In writing of death, two women focus on those who live

October 25, 2005|By SUSAN REIMER

A year ago, on the occasion of the last Halloween of her life, Washington journalist Marjorie Williams wrote this:

"If you have cancer, if you've had it for a while, at some point you start really seeing all those skulls and skeletons and Styrofoam headstones, all those children in hooded capes, bearing scythes on their little shoulders."

It seems eerily coincidental that a collection of her essays will be published this Halloween season, including her heartbreaking account of her losing battle with liver cancer.

It was a battle doctors told her would be over in three months. She lived three years, fiercely grasping for time with her two young children, Will and Alice.

Also at bookstores in this season when everything dies, is Joan Didion's account of the year after the death of writer John Gregory Dunne, her husband of almost 40 years.

On Dec. 30, 2003, after returning from the hospital where they had stood vigil over their gravely ill daughter, Dunne died of a massive heart attack as the two were about to sit down to dinner.

"Life changes fast. Life changes in an instant. You sit down to dinner and life as you know it ends," Didion writes at the beginning of a piercing inspection of her grief.

The title of her book is The Year of Magical Thinking (Knopf, $23.95), reference to a phrase psychologists use to describe the madness of grief.

"I felt if I did certain rituals, time would go backward," Didion writes, "and John would be back."

Didion's book and Williams' collection, The Woman at the Washington Zoo (PublicAffairs, $26.95), are joined in death, but with a critical difference: Didion survived both her husband and her daughter, who died at age 39 just two weeks after this book was finished.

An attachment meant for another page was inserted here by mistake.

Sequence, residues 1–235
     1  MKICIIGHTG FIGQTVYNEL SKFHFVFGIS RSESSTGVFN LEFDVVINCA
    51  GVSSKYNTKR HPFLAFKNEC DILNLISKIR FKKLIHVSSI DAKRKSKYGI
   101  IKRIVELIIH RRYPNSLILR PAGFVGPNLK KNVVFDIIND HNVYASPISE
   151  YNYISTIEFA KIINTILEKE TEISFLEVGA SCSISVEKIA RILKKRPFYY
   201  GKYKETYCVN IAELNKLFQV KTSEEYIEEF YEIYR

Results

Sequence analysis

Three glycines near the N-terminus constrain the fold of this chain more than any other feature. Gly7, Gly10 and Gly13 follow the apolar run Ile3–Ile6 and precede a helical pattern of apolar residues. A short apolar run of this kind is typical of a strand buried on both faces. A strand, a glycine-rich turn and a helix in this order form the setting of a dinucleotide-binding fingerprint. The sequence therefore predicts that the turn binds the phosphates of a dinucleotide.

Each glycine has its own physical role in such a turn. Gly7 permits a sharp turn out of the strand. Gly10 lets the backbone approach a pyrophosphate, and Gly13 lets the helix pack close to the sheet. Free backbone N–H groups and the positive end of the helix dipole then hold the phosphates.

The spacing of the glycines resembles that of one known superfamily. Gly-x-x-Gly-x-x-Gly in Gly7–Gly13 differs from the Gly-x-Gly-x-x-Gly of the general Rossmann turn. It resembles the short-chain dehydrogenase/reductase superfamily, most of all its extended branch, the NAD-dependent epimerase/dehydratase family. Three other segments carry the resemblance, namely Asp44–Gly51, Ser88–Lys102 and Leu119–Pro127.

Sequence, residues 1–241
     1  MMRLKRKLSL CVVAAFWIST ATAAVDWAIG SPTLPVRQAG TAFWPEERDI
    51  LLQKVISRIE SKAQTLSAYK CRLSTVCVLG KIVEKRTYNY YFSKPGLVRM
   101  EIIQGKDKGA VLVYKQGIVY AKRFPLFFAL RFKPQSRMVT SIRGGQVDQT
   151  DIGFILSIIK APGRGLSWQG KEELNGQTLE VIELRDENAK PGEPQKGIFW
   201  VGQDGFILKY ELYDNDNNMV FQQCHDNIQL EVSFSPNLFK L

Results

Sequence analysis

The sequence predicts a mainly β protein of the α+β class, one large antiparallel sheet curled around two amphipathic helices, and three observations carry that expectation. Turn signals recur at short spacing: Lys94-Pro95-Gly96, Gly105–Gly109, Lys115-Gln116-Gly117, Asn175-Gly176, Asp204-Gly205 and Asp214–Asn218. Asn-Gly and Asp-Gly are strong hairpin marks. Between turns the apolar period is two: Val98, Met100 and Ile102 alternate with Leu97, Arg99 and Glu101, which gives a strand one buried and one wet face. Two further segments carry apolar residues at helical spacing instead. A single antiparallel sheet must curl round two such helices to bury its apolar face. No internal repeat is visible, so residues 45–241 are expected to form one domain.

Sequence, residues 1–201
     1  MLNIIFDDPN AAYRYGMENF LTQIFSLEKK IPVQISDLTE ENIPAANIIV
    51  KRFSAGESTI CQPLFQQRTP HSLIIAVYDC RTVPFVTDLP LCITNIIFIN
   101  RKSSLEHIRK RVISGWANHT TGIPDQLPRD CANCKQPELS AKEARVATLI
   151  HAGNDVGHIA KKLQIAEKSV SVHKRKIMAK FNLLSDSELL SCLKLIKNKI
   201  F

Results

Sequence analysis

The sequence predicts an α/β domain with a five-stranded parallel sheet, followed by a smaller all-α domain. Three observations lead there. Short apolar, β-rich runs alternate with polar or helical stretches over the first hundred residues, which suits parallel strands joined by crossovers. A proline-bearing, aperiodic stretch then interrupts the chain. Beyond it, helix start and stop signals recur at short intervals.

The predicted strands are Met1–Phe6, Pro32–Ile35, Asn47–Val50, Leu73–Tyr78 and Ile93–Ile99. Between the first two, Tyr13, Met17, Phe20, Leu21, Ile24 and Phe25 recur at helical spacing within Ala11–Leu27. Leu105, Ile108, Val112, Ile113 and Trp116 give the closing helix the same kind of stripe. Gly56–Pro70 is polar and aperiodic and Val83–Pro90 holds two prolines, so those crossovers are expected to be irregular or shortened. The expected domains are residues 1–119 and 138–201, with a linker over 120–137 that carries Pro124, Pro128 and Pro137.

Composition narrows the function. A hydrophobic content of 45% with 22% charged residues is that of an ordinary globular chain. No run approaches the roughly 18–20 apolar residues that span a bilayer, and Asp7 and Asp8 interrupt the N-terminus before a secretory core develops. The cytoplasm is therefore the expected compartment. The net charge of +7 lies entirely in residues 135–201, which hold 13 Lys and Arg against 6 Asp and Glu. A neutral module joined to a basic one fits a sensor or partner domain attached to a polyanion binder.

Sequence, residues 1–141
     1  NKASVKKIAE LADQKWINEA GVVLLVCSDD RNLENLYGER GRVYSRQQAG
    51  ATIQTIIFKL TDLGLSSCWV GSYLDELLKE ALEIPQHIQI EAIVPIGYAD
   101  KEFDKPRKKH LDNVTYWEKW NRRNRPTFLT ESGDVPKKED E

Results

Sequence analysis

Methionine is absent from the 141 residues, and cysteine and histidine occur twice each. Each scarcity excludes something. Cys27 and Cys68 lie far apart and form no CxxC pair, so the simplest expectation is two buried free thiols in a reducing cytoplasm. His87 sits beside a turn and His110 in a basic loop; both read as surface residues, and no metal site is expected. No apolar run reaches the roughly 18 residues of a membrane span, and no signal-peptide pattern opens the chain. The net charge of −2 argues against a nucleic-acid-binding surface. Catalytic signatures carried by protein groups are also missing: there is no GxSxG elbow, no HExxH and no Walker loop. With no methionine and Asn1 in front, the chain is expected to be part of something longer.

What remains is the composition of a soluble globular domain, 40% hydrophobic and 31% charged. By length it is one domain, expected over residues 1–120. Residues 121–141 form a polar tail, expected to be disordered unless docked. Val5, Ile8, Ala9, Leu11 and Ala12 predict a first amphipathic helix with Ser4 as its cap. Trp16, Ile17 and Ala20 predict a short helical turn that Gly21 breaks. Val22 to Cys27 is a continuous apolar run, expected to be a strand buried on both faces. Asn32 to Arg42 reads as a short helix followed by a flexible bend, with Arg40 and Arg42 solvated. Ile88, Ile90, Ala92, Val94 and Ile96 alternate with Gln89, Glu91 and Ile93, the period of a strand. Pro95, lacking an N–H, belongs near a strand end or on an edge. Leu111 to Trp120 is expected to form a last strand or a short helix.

Williams did not.

But death happened to them both, and they used their brilliant craftsmanship to inform the hearts of those of us who still live.

Williams was known as an unsparing portraitist of the Washington elite in profiles she wrote for The Washington Post and Vanity Fair magazine. You knew you had arrived when Marjorie Williams called for an interview.

They are collected in this book by her husband, journalist Timothy Noah.

Her reporting was exhaustive, but it was her wit and insight and her effortless way with language that made her such a pleasure to read.

She brought those same skills to bear on her life in "Cancerland," as she called it, and the final third of the book deals with the time she dwelled there.

"I live at least two different lives," she wrote. "In the background, usually, is the knowledge that for all my good fortune so far, I will still die of this disease.

"But in the foreground is regular existence: love the kids, buy them new shoes ...

"What you do, if you have little kids, is lead as normal a life as possible, only with more pancakes."

Didion, too, was focused on her child, critically ill from a flu that quickly turned to sepsis, and that postponed not only Dunne's funeral, but her mourning.

"I realize as I write this that I do not want to finish this account. Nor did I want to finish the year. The craziness is receding, but no clarity is taking its place. I look for resolution and find none," she writes.

Didion observed her own grieving, and wrote about it. Williams observed her own dying and wrote about it. But there is so much intersection in their introspection.

Both women recognize the privilege of their lives and decline to curse their luck.

Both savage the haughty medical gods.

Both pick apart the grieving mind, its digressions, its disorder, the way it is overtaken by memories.

And both women understood that death is really about the ones who are left behind.

"There are days when I can't look at them - literally, not a single time - without wondering what it would do to them to grow up without a mother.

"What if they can't remember what I was like? What if they remember, and grieve, all the time?

"What if they don't?" Williams writes.

Though Didion's daughter, weakened by so many infections, finally succumbed to one on Aug. 26, Didion declined to revise her book.

She said during an interview that she was no longer afraid of death.

"One of the things that worries us about dying always is, we're afraid we're leaving people behind, and they won't be able to take care of themselves.

"But in fact, you see, I'm not leaving anybody behind."

susan.reimer@baltsun.com

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